“Are you serious?” he asks, stone-faced. “I remember the first time I kissed Blythe [Danner] in Brett’s other movie. She was very nervous. One of the things she said to me was, ‘I’ve never kissed a man with a mustache before.’ I thought, ‘How is that possible?’”

Prepon, however, was less anxious. “She came in there and just took total … control of the scene” and Elliott’s mind too, he recalls.

Sam Elliott, left, and Laura Prepon in a scene from "The Hero." (Beth Dubber / AP)
(Beth Dubber / AP)

Haley has seen first-hand the effect Elliott has on women on and off screen. During the “Dreams” press tour, the colleagues attended an AARP screening of the film in Miami that the filmmaker likens to a “Justin Bieber concert.”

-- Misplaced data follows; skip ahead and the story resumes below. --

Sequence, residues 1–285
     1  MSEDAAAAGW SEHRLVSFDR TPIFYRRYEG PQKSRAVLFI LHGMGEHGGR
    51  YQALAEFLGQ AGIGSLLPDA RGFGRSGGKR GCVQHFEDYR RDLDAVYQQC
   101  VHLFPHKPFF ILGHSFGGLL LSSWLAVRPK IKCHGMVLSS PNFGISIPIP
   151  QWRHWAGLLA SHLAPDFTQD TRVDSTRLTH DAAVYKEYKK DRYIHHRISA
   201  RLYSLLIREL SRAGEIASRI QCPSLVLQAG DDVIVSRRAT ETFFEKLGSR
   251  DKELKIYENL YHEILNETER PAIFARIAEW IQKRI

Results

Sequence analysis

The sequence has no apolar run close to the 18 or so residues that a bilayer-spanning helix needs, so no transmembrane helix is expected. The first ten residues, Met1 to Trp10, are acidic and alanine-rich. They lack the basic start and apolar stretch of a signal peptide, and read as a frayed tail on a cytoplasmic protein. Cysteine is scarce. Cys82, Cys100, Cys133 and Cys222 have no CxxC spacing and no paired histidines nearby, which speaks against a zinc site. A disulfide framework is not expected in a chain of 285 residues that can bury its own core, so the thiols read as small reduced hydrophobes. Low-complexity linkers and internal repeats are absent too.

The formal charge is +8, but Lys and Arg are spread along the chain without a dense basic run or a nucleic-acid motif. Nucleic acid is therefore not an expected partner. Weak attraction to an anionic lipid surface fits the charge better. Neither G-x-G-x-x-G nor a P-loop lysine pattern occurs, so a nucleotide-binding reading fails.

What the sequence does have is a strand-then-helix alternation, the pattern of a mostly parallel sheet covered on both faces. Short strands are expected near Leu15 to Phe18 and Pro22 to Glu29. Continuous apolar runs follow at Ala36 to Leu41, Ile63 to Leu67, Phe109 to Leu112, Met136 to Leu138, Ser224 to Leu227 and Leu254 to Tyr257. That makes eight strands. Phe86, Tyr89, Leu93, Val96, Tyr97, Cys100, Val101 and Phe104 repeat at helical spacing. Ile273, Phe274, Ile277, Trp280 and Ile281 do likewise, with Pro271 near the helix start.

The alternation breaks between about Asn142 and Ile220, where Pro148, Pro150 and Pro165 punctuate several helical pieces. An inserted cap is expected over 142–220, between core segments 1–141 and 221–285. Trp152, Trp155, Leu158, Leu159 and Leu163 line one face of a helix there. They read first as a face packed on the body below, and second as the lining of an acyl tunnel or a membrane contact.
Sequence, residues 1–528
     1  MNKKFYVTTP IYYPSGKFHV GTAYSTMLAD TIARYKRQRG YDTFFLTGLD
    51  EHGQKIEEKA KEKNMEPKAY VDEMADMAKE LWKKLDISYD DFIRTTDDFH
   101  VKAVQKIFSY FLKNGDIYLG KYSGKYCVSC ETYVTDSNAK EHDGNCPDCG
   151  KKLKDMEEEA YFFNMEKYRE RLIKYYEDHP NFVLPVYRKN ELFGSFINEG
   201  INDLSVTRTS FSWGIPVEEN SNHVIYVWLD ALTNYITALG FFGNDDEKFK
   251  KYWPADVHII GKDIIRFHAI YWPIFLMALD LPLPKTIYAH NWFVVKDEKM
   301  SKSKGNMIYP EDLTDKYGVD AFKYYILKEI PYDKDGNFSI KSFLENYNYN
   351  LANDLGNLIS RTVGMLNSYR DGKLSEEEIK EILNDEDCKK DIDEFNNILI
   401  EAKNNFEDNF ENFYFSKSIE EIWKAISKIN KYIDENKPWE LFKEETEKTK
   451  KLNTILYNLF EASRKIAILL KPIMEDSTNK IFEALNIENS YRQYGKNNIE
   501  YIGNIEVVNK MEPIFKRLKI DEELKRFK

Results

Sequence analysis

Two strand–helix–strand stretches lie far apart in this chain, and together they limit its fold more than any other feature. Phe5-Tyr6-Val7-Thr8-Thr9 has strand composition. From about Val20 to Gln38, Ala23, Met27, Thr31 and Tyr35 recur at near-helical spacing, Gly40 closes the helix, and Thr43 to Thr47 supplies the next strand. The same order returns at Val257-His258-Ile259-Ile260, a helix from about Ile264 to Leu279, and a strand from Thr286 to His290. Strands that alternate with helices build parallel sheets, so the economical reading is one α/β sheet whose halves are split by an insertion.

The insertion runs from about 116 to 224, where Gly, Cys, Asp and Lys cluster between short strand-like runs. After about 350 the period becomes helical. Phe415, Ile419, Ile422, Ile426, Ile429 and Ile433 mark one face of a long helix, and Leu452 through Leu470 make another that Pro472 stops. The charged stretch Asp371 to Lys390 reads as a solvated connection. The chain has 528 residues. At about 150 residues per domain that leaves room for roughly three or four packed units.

“It was packed — like 700 people — and when Sam walked out it was like everyone turned into a teenage girl,” he remembers. “People go nuts for him.”

Sam Elliott poses for a portrait on the beach in Santa Monica. (Jay L. Clendenin / Los Angeles Times)
(Jay L. Clendenin / Los Angeles Times)

“I had an experience like it not long ago at the airport,” says Elliott, who has been married to actress Katharine Ross since 1984. “This woman came up behind me and said, ‘Are you Sam?’ I said, ‘Yeah,’ and she just started jumping up and down. She was a nice-looking woman, there with her husband. And she was just going nuts. And five minutes later it was a woman who worked at the airport — she just started fanning on me. Incredible.”